Kelly Risser knew at a young age what she wanted to be when she grew up. Unfortunately, Fairytale Princess was not a lucrative career. Leaving the castle and wand behind, she entered the world of creative business writing where she worked in advertising, marketing, and training at various companies. Currently, she works full time as an eLearning Instructional Designer, fitting her creative writing into the evenings and weekends.
She’s often found lamenting, “It’s hard to write when there are so many good books to read!” So, when she’s not immersed in the middle of someone else’s fantasy world, she’s busy creating one of her own. This world is introduced in her first novel, Never Forgotten, and visited further in her second novel, Current Impressions.
Kelly lives in Wisconsin with her husband and two children. They share their home with Clyde the Whoodle and a school of fish.
What inspires you to write?
Writing is on of my creative outlets. If I’m not reading a book, then I’m working on my current work in progress. I love creating a world of my own and bringing characters to life. The whole creative process is so much fun. I’m constantly amazed at the way it works. For instance, in the second draft of Never Forgotten, two new characters were introduced. Even more interesting is that these two characters are major characters, not minor…and they weren’t even in the original version of the story! Those kinds of surprises are what inspire and motivate me. It’s just fun to see where my mind takes me, and often, I think it’s my subconscious mind that’s driving!
Tell us about your writing process.
I’m a little in each category – I typically start with an idea, flesh it out through seat of my pants writing. However, when I’m getting toward the end of the book or if I get stuck, then I’ll take the time to make an outline. My outlines are always very high level and extremely flexible. I’ve learned that it’s not a good idea to try and fight where your characters want to go — the writer never wins in those scenarios!
What has helped me the most is to write consistently, a little each day if I can manage it. I work full time, plus I have younger kids, so it’s not always easier or attainable, but I find if I can get into a regular habit, the ideas come quicker and the story unfolds faster.
For Fiction Writers: Do you listen (or talk to) to your characters?
I tend to daydream about my characters. I see the scenes unfold like a movie in my head, and sometimes, a certain scene won’t leave me alone until I sit down and write it out. I don’t converse with my characters, but I have a very clear picture of what they look like and who they are. I definitely have my favorites, and a few of them are scene hogs, but I like them so much I let them get away with it!
What really puts me in the frame of mind to write is music. It’s not that I even really listen to the songs– I tend to put my iPhone on shuffle — but the music acts as white noise and puts me in the optimal frame of mind for the words to flow.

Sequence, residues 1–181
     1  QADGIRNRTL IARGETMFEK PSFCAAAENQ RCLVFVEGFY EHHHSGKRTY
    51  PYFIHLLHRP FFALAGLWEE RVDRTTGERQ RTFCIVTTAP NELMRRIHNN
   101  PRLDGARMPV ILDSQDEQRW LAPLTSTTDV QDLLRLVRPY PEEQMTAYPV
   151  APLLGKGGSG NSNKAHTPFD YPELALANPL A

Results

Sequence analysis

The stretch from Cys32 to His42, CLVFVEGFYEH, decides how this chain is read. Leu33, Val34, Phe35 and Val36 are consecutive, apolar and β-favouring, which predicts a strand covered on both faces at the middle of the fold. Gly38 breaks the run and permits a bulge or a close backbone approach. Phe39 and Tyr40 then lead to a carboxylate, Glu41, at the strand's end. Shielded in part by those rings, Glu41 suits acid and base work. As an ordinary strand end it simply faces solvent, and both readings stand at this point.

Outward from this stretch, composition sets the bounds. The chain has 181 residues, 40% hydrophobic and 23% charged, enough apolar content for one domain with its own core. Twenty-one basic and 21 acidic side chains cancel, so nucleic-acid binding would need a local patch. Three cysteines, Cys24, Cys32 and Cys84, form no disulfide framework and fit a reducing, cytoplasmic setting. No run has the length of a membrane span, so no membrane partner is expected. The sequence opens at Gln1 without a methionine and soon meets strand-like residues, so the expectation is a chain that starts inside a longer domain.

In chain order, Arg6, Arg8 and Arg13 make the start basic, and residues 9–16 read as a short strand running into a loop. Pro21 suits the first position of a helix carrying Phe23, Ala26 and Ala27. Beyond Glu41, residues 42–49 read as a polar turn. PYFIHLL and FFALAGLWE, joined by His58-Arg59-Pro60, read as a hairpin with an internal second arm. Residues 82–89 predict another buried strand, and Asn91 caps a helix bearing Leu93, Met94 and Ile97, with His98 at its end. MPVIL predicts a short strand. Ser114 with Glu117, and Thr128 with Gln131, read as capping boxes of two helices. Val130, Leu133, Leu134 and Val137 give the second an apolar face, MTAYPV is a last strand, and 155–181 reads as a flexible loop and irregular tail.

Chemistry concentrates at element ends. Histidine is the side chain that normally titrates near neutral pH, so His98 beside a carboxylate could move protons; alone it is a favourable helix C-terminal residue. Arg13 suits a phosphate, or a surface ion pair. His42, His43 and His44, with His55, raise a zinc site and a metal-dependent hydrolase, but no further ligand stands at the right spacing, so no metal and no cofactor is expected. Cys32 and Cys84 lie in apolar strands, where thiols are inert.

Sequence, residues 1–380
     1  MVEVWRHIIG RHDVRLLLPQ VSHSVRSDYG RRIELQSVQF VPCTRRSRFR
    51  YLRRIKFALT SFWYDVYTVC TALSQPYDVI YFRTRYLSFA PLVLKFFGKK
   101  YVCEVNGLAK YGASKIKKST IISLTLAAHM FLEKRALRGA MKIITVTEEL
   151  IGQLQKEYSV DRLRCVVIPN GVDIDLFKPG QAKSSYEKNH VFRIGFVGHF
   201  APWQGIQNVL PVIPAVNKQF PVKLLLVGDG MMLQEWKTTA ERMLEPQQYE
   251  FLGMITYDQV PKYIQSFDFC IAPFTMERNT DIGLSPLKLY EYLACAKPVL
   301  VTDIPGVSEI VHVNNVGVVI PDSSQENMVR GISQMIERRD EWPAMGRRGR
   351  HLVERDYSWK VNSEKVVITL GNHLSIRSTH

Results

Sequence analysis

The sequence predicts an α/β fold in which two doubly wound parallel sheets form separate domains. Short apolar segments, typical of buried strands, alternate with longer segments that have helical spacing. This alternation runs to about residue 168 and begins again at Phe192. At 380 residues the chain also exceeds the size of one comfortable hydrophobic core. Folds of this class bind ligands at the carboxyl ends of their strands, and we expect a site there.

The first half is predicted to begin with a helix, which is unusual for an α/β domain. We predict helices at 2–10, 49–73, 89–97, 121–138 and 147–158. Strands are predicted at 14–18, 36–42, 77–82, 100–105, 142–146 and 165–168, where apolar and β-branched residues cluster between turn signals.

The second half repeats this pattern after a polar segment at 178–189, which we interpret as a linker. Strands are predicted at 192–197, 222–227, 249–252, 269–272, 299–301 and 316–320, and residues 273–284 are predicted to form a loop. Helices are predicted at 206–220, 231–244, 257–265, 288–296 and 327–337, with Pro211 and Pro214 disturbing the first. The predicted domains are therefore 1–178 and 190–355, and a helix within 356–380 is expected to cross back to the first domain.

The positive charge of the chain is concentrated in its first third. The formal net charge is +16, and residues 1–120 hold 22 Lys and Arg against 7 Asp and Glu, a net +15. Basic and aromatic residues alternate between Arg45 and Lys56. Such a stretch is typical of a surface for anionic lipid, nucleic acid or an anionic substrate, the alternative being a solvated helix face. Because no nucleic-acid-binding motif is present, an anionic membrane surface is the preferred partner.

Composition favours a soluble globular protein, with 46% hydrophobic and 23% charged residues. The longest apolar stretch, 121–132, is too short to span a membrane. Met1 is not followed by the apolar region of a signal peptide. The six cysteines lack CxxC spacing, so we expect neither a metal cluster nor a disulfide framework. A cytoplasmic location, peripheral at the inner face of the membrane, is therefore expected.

What advice would you give other writers?
Keep writing! And read! It’s hard to be a good writer if you’re not a reader, too. Find other writers and critique partners. I owe a lot to my writing workshop at Allwriters’ Workplace and Workshop. The other writers there can me excellent feedback, asked intelligent questions, and helped me to polish my story. Whenever I can, I attend a workshop on a regular basis. My writing is better when I do. Don’t be intimidated to get started. Get your words on paper. You can always go back and revise, and I strongly suggest you do! Most writers need to go through their manuscript several times before they consider it ready for others. It’s a sign of a good writer to be disciplined about reviewing your own work.
How did you decide how to publish your books?
While I really do enjoy writing, the real thrill to me is hearing from those who read my books. I like to see that my characters and stories mean something to others, too.
While I was not opposed to self publishing, I really wanted to publish with a traditional publisher. To me, it felt like this validated my work. Someone else besides me believed it was good enough. I’m really glad that I went that route. My publisher, Clean Teen Publishing, is amazingly supportive. The other CTP authors are, too. It’s like a big writing family, and I’m so glad I have them in my life!
My best advice to new authors is get involved in the industry as soon as you can — even as you are writing your book. I was really overwhelmed in the beginning, because everything was new to me. I’m just now starting to feel like I’ve made some great connections, and I have a handle on what I need to do. If you can, attend an author event. I went to UtopYA Con in Nashville this past June. It was a great place to learn and meet other authors.
What do you think about the future of book publishing?
Like so many industries, it’s ever evolving. But it’s an exciting time for writers and readers. Never before has there been so many options to read. Historically, the publishing houses controlled what was published. If they felt there were too many of a particular story type in the market, they would simply reject the author’s work. Not because it was bad, per se, but because they didn’t think they could market it or get their investment back. I don’t believe in oversaturation. If you love vampire stories, you want to keep finding more vampire stories. Are you ever going to say, “I’m done, thanks. No more vampire stories for me!” No! You’ll keep reading them as long as new stories keep coming out. That’s what I love about the modern book publishing world, and I hope those choices for readers continue to expand.
What do you use?
What genres do you write?
young adult, paranormal, romance, fantasy
What formats are your books in?
Both eBook and Print